things he would say and ask. He was so inquisitive about things that most kids wouldn’t notice. When he was 20 months old, I had another son,who was born with severe birth defects and heart trouble, so I lost a lot of time with Alex because so much of my time had to be spent with Ian. (I’ll tell you Ian’s story later). Also, my oldest son, Adam was diagnosed with cancer when he was 4. (I’ll tell you his story later,too). Since treatment for Adam was ongoing, I had to leave Alex with my sister for weeks at a time to be with Adam in the hospital about 200 miles away. Ours was a crazy life there for a while. But, back to Alex. He was different from his brothers. They were very agile and quick, and Alex was always a little clumsy and not quick to try new things which required physical dexterity. Nonetheless, he was a great student, had lots of friends in school and church, and was a very happy boy. He just did things on HIS timetable. When he was in the 8th grade, I got a call at work from a dear friend, a teacher at his school, telling me to come get him. When I got there, He could not walk straight and his vision was doubled. He said it happened suddenly, as he was walking down the hall. We went straight to the pediatrician, who sent us straight to the hospital. Immediate cat scan showed nothing…so off to the hospital in Birmingham. After several days of tests, we were told his cerebellum showed signs of atrophy. Well, the doctor told me this and left. Without saying anything else. I came home to my pediatrician and the journey to find answers began. No one could tell us why this happened, or what the prognosis was. Now, my training is in nursing, so I have a little medical knowledge, but this was way above anything I had ever even heard of. Apparently the doctors here were in the same boat. We were sent back to Birmingham to another doctor, who tried some medicines , to no avail, and finally he sent us home with no real answers. This is when I decided to do my own research. After tracking down several leads, we ended up at the University of Michigan with a doctor who is a specialist in ataxia disorders. They did extensive testing on Alex and we finally got some answers. He has cereberllar atrophy with ataxia. There are portions of his cerebellum that have just died. No reason…they are just gone. Since nerve impulses travel through the cerebellum, these messages will not go through…there is a break in the connection. His optic nerve is damaged, which means his vision is extremely poor. He sees double all the time, so he wears prisms in his glasses. His eyes also jump all the time, too and he has lost most of his peripheral vision. His balance is also affected. He walks like he is drunk and has to use a cane. Even with that, he still has trouble staying upright. He also has a wheelchair he uses on occasion. Sometimes, his speech can be affected, causing him to have trouble getting words out and causing his voice to be very soft. His fine motor skills were expected to become involved…but Praise God!, they have not. He has great dexterity in his hands and is able to use them very well. And since he loves the computer…his lifeline…this is such a blessing. We then ended up at a doctor in Jackson, Mississippi, who is a specialist in cerebellar atrophy, and he has tried to narrow down his exact disease, but it continues to be a mystery. We know lots of things it is not….but not exactly what it is. We do know it can be genetic…but his doesn’t seem to be. It can be a spontaneous mutation. These symptoms do not usually show up until middle age…but his started very young. The disease can progress or go into remission or stop completely. His seems to be stopped for the time being. Thank-you, God!
The most puzzling thing about Alex’s condition is the severe pain. He is in constant immobolizing pain. Mostly in his head, neck and shoulders. We have been to pain clinics, and pain centers all over the U.S., and no one has been able to help. We have tried hypnosis, acupunture, massage therary, and every drug known to man. Nothing stops the pain. We would try voodoo if we thought it would help. This is what keeps him homebound. He is not embarressed or ashamed to use a cane or a wheelchair, and would love to be able to be out in the world…going to school, living on his own. But the pain is like a monster that has him its clutches and won’t let go. We continue to search out new treatments and doctors. We will go anywhere and try almost anything. We pray daily for wisdom and guidance.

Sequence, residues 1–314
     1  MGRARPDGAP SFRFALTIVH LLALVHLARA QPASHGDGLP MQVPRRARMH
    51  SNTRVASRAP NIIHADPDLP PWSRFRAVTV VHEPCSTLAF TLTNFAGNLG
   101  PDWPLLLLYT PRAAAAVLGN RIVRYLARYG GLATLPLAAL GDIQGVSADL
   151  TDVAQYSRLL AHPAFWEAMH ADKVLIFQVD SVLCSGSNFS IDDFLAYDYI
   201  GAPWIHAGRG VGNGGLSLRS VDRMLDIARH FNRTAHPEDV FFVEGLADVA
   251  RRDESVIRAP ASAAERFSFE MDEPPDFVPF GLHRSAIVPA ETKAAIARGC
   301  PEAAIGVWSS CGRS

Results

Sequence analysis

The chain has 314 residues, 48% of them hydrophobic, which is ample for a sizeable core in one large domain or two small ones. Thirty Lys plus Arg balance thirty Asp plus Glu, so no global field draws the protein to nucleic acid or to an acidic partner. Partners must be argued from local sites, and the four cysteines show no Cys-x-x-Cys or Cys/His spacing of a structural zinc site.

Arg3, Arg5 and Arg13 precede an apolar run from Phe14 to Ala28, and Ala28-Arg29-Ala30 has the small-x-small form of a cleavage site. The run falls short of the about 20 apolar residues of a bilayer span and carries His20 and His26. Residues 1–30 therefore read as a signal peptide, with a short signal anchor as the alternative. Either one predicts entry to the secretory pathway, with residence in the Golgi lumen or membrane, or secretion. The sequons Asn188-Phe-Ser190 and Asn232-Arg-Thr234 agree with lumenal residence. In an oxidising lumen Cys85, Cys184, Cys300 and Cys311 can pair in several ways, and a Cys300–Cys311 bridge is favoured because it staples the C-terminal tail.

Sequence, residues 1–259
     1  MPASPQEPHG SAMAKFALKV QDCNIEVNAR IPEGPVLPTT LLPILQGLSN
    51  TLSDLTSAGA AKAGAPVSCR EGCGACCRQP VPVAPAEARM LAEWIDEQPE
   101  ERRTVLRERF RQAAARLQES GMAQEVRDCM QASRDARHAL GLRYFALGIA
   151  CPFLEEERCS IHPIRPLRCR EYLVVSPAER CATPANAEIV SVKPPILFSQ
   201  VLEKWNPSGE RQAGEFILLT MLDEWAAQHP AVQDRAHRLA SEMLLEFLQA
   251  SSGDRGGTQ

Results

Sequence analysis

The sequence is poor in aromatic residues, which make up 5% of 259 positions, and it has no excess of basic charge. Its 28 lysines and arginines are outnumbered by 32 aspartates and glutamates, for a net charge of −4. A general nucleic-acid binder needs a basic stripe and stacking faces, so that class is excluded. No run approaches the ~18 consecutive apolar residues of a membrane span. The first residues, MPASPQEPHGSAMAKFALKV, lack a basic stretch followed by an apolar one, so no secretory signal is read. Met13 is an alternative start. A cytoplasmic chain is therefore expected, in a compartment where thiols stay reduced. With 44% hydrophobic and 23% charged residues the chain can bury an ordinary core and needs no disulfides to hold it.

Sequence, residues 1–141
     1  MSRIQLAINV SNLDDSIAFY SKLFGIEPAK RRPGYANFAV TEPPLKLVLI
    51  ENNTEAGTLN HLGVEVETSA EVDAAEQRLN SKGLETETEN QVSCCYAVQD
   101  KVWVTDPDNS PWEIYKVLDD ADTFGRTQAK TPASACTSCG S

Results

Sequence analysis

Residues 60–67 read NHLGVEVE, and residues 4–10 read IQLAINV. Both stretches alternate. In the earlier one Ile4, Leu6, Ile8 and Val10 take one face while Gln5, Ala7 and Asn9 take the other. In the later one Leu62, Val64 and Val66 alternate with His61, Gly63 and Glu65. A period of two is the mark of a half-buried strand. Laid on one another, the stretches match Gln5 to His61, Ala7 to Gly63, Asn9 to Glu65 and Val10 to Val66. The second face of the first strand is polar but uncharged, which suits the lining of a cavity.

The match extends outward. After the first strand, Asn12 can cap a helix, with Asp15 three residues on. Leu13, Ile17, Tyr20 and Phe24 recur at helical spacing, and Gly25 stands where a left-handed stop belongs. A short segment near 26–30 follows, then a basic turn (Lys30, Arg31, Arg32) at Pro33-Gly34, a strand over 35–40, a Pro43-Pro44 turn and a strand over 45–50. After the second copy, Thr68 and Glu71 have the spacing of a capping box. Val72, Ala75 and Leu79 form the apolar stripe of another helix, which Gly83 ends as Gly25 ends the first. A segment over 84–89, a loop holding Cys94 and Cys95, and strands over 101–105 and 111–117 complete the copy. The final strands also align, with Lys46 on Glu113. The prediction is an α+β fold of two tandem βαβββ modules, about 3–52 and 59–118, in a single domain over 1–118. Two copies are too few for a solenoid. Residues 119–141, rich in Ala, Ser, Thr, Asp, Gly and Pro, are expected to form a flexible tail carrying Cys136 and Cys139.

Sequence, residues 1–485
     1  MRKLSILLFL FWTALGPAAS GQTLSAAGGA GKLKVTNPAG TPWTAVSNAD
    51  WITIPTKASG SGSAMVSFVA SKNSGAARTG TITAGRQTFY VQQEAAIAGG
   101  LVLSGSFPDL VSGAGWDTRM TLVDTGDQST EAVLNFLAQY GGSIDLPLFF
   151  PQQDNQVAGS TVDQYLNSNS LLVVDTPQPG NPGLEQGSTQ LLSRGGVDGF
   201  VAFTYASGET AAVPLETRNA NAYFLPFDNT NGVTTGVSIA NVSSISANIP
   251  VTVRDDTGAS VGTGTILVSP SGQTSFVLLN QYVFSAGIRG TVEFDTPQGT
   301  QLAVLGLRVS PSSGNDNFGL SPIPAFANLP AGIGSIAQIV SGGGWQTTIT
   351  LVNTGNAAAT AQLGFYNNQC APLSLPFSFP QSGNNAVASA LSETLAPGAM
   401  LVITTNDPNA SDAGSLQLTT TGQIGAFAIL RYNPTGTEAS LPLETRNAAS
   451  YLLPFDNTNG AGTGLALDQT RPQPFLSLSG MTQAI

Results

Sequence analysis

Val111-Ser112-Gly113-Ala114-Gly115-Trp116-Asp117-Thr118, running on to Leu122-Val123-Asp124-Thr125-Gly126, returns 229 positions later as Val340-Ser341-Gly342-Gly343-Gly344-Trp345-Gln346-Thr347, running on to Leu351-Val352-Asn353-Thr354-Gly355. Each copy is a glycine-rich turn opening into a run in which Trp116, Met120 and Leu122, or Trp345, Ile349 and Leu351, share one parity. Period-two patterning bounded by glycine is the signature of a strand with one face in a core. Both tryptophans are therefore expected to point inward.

I often wonder why God has not healed Alex. Actually, we don’t even ask for healing anymore. We ask for relief from the pain. Because he can deal with the disease and its limitations. It is the pain that holds him hostage. I know in my heart of hearts that he belongs to the Lord. He is a Christian and loves the Lord. And I know God loves him more than I do. But a mother’s heart is torn in two when she sees the suffering of her child and she knows there is nothing in HER power to do. I trust God above all. I know He has Alex in the palm of his hand. But I also get weary sometimes and that’s when I have to tell the Lord that we’ve reached our limit. I complain and cry and get mad…and God loves me right through it all. Out of the blue…Alex will have a good day, where the pain is lessened, and he can get out for a while. I have dear friends who pray for us daily and who are ready at a moment’s notice to “take me away.” I have my sweet Mom and Dad who live a few blocks away, who are always ready to assist. My dear sister, who Alex loves so much, is only a call away. My oldest son, and his wife, have stepped in to assist Alex when I am away. Adam is a great comfort and help to his brother. We have a wonderful church family who holds us up in prayer. We have a thriving business, which God continues to bless, so we are able to pay our bills. Alex’s meds alone cost about $800.00 a month. My husband is a good provider and a stabilizing force in our home. So, God continues to bless…even in the storm. I want it to be known…by whomever reads this…that I trust in God completely…even though I don’t like my circumstances…I trust Him to control our lives. He does what He said He would. He gives me strength, and He meets our needs. He lets me cry and complain and moan and groan…and holds me like a child and understands. He is God and He is my Rock. I will continue to Praise Him.